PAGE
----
With a small loan your payments for the year will total about $706 but you will save $300 in electricity operation costs in year one. So you are $406 in the red, but at the year’s end, you reap the benefit of that 30% tax credit on the purchase of your system. So after that first year, you put $1,825 in your pocket.


Your monthly loan amount will be about $33 higher than your electric bill was but once that 15-year term is up, you rake in up to $500 savings annually at least until the end of the 25-year warranty on your system. That’s a total of just over $3,000 without putting any money down up front.




For those who want to make the switch to solar and retain the majority of control over the system, purchasing the system with cash up front get those solar panels onto your roof under your control but isn’t really the best alternative if you’re looking for the best return on investment. With a cash purchase though, the solar energy system is yours from the first day and you pull in all the rewards that go with it along with pretty good savings on your electricity bill.


Let’s look at numbers. The total cost of a 5kW solar panel power system installation is approximately $18,750. At the end of year 1 you can take 30% of expenses as a tax credit on your federal tax return so that’s $5,625 back to you. If for some reason you owe less than $5,625 for federal taxes, you can claim the credit two years in a row. After first year energy savings of $749, the total cost that first year is down to only $12,376.


The energy savings start rolling in and after 14 years, your system has paid you back that initial investment. Over the twenty-five-year warranty period of your solar energy system, you bring in a profit of $16,041 which is a 6.8% internal return rate. Anticipated savings in electricity over twenty years adds $14,976 in value to your home and you are reducing your carbon footprint by using clean energy. Pretty good but let’s look at one more option.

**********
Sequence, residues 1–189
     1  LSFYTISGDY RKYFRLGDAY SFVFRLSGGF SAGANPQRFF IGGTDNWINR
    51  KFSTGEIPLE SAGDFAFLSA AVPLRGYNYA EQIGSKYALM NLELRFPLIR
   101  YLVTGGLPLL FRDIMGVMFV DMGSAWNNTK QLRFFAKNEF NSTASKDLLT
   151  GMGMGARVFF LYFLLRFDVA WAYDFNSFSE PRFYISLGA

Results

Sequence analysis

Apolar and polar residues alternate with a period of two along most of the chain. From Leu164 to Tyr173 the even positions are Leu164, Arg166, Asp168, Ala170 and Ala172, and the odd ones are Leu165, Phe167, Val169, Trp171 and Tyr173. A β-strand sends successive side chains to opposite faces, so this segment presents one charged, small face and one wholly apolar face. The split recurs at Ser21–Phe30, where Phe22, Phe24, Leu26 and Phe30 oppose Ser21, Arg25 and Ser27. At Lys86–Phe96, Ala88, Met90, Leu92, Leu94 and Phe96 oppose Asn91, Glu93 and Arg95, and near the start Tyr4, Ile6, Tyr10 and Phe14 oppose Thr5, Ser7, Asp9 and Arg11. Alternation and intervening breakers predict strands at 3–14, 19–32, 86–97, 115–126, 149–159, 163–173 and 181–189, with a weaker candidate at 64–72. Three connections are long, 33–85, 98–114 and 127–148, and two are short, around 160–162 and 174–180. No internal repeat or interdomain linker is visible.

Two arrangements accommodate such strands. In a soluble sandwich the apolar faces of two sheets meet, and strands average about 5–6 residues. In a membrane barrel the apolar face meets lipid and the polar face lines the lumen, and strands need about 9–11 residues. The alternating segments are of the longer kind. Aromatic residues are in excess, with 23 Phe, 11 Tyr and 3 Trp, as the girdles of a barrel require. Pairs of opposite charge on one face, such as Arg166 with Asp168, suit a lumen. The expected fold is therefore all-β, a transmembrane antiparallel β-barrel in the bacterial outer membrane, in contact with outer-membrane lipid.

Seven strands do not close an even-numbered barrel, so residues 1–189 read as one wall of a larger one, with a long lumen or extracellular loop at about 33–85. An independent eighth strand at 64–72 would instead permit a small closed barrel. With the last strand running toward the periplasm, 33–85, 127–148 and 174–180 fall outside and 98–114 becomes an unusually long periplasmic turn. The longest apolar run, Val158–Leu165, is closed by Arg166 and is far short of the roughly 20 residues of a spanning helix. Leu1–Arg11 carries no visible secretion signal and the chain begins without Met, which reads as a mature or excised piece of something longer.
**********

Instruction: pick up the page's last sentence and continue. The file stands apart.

Virginia gets a fair amount of sun throughout the year which is sufficient to make an investment in solar power a worthy endeavor without taking large incentives into account. If you have a good amount of equity in your home, using a loan or HELOC to purchase your solar energy system is really an easy way to invest in something that will earn nice money for you over time.


The HELOC loan is basically a zero down alternative but at the end of the first year you still reap the reward of that tax credit at the federal level as if you had laid out the $18,750 to buy the 5kW system. This puts you in the black almost $4,600 after the first year. After that, your loan amount will actually be about $88 more per month than what your electric utility bill would have been but consider this a type of savings account where you contribute monthly. After the first 14 years, that loan is paid for and now that solar panel system is raking you in the money. You now own the system outright and all those savings end up directly in your pocket! After a twenty-five-year period, you end up $8,101 ahead, not bad for a zero down investment.